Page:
Doris Day: Que Sera Sera

RIGHT IN THE MIDDLE

Hollywood screen icon Doris Day passed away at the age of 97 a couple of months ago. So she was 13 years older than me. I had rubbed shoulders with her — well, not quite rubbed shoulders but waited at her table — in 1956 at the posh Beverly Hills Hotel in California.

She was one among the glitterati invited by Loretta Young and I was paying my way through college at UCLA (University of California Los Angeles), so was the lowly bus boy — the one who takes away the dishes after every course. Doris was seated under the gleaming chandeliers in the opulent surroundings in the company of James Garner, James Stewart, Robert Mitchum, Jerry Lewis, Lee Marvin, Dean Martin and such others stars.

Now, sunny southern California is known for informal clothing, sun-tanned bodies and convertible cars, but the hostess Loretta Young — a lah di dah person — had specified formal attire. So the ladies were in flowing gowns and the men wore diamond cuff links, black bow ties and tails. All of which made the atmosphere stiff. Plastic smiles were exchanged, polite conversation ensued, such as “How is the family? And “Rather hot this time of year”.

Course after course, I removed the bone china plates and long stemmed glasses and shining silverware. While doing so, I could hear snatches of conversation:”How is the new Jaguar, Kap?” Doris Day was asked. Her real name was Mary Anne von Kappelhoff while Doris Day was the screen name.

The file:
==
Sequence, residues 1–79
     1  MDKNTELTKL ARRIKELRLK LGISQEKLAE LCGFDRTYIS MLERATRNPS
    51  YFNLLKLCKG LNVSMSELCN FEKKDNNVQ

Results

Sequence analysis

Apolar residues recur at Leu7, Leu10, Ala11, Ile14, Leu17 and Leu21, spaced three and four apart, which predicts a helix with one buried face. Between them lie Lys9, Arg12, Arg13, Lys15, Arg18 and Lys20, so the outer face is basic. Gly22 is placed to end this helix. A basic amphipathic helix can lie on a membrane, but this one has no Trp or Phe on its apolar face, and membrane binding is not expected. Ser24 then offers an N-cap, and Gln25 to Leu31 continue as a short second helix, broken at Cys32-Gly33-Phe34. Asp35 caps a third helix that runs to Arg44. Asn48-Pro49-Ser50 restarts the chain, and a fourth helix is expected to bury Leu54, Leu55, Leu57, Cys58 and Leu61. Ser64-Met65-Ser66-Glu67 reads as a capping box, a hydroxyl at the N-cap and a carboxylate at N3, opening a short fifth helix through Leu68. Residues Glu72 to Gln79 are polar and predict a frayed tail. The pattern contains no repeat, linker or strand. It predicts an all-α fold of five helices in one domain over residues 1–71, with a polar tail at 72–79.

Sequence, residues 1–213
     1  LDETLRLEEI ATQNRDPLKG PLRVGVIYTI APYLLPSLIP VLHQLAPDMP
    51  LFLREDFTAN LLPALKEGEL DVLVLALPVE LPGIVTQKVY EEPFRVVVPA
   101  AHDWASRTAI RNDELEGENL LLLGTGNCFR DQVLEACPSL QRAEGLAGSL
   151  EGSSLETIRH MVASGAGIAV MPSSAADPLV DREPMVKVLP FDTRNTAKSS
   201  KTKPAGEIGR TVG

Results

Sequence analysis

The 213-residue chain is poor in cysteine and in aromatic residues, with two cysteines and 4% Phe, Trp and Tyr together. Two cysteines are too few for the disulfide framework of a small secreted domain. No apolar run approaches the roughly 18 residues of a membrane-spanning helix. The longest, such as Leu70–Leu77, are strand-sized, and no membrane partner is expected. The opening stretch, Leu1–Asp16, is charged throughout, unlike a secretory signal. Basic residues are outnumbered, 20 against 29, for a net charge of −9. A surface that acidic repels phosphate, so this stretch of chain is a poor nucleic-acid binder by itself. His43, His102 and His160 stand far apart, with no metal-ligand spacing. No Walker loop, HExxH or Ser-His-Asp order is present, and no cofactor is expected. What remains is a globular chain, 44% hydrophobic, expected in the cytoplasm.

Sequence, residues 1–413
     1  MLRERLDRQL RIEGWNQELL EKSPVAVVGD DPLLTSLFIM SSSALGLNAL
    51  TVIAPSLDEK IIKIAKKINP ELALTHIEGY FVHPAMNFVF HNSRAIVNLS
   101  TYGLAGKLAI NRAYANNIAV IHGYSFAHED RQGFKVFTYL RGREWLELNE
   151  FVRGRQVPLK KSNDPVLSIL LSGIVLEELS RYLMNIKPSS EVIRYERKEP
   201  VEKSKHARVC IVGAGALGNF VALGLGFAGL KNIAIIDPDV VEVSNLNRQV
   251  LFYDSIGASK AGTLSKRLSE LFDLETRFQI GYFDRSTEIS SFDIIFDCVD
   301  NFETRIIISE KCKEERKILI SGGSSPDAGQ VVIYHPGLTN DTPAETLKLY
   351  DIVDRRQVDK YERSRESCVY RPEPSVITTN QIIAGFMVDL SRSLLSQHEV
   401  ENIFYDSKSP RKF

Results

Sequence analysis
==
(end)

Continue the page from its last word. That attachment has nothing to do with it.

Toward the boring meal’s end, came finger bowls of silver. Jerry Lewis, ever the comedian, could not stand the stiff atmosphere. With both hands, he picked up the bowl in which he had wet his fingers, and dribbled, pursed his lips to drink from the finger bowl, made rude slurping noises and loudly declared: “This soup is awful.”

With that prank, the ice was broken. There were roars of laughter. “Haw haw, the soup is awful.” Ties were loosened, backs were slapped, ribs were tickled. “Kap” was relating her difficult girlhood in Cincinnati, Ohio where she was brought up by a stage mother, had wanted to be a dancer, and had a car accident. She had switched to singing and acting. Rock Hudson and she recalled honky-tonk type of song, The Deep Blue Sea, The Deep Blue Sea”, strumming a ukulele and giggled.

This Beverly Hills Hotel party was soon after her iconic vocal Que Sera Sera had hit the charts and she was congratulated. In the aftermath of that rude noised bowl slurping, when everyone was having a good time, she raised her arms and looked wide eyed and said “My Jaguar XK 140 coupe goes varoom varoom.”

Now, she has passed away. She had asked to have no funeral, no grave marker, and no memorial service. But thousands of her fans the world over still have her in their memory.

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